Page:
On Sep 1, 2003, at 3:29 PM, Sean O'Dell wrote:
> I remember back in the early 90's when I first dove into C++, there 
> seemed to be this thought process regarding OOP that went something 
> like: every object should be able to stand alone and interact rarely, 
> if ever, with anything else because that would break the object's 
> encapsulation.  I got that feeling from several texts, and I thought 
> it ludicrous at the time, and still do.  As things have evolved, it 
> seems common sense has stepped in to replace those purist theories, 
> but that article really took me back to that time.

Your original interpretation of the idea of encapsulation is one that I 
find held by a lot of folks that are new to object-oriented programming 
as you no doubt were in the early 90's. The ideas may have been 
presented improperly, or you may have misinterpreted them, but the 
ideas are not ludicrous unless you take them to an illogical extreme.

The idea is that every object should encapsulate a single idea, a 
cohesive concept, and should not have to look outside of itself to 
implement that concept.  If it does, then it will have to expose 
implementation details of itself to others through it's public 
interface.  Once you do that you have violated encapsulation.

It is not the idea that objects should interact with other objects 
rarely.  Obviously if that were true then you would have system that 
never did anything :-).

Rather it's along the same lines as Einstein's "Make things as simple 
as possible but no simpler", the idea is that objects should interact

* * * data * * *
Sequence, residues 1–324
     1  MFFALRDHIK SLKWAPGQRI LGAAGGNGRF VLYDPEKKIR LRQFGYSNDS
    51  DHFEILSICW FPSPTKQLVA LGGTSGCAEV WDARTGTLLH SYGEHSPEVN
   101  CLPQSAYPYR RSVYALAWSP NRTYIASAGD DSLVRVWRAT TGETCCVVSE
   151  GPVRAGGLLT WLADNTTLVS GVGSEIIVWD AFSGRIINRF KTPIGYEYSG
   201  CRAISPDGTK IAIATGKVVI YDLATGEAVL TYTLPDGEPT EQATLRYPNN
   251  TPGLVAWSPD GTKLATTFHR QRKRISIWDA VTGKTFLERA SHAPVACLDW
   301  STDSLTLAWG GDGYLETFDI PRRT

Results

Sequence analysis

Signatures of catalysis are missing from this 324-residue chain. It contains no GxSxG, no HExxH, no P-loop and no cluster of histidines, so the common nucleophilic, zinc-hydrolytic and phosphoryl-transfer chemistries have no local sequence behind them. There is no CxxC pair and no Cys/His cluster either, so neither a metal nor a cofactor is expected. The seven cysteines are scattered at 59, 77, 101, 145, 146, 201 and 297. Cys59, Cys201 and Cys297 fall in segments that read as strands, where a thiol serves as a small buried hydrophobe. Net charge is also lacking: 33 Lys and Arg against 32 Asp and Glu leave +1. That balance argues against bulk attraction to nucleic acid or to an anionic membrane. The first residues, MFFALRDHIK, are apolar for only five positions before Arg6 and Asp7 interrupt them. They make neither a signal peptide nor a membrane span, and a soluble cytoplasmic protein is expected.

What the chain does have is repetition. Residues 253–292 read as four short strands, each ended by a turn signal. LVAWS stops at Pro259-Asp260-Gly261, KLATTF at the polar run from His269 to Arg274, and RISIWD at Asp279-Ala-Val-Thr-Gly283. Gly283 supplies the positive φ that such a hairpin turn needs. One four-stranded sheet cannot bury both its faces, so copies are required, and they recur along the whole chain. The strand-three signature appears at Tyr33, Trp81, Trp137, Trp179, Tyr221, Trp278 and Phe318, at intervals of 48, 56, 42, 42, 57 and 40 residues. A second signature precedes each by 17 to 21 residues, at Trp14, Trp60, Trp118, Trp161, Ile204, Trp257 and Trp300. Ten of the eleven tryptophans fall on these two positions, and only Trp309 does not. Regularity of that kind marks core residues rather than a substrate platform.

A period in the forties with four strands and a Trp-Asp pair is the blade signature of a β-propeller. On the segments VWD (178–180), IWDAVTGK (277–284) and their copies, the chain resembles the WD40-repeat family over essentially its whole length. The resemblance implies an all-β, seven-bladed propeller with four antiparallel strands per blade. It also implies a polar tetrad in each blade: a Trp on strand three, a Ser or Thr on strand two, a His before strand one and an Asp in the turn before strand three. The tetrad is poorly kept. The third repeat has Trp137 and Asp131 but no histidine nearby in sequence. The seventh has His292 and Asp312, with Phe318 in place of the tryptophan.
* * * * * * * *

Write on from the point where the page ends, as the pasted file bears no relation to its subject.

with other objects as little as possible and certainly NOT as a means 
of implementing behavior that should be the province of the object 
itself.

The other way I've heard it described is with the terms Coupling and 
Cohesion.  With all due respect to Dirk Gently, Coupling refers to the 
interconnectedness of all things within your program.  Cohesion refers 
to keeping related data, objects, behaviors, etc... together in tightly 
related groups.  An ideal system will have have very low coupling, 
passing as few messages between objects as necessary to get the job 
done, and have very high Cohesion, with related data and behaviors 
collected into logical containers.

As with most things, however, this is more an organizing principle than 
a hard and fast rule.  There are a thousand things that, under any 
given set of circumstances, can call for coupling than one might like 
to have, or less cohesion.  The concepts, however, are valuable to keep 
in mind.

Scott

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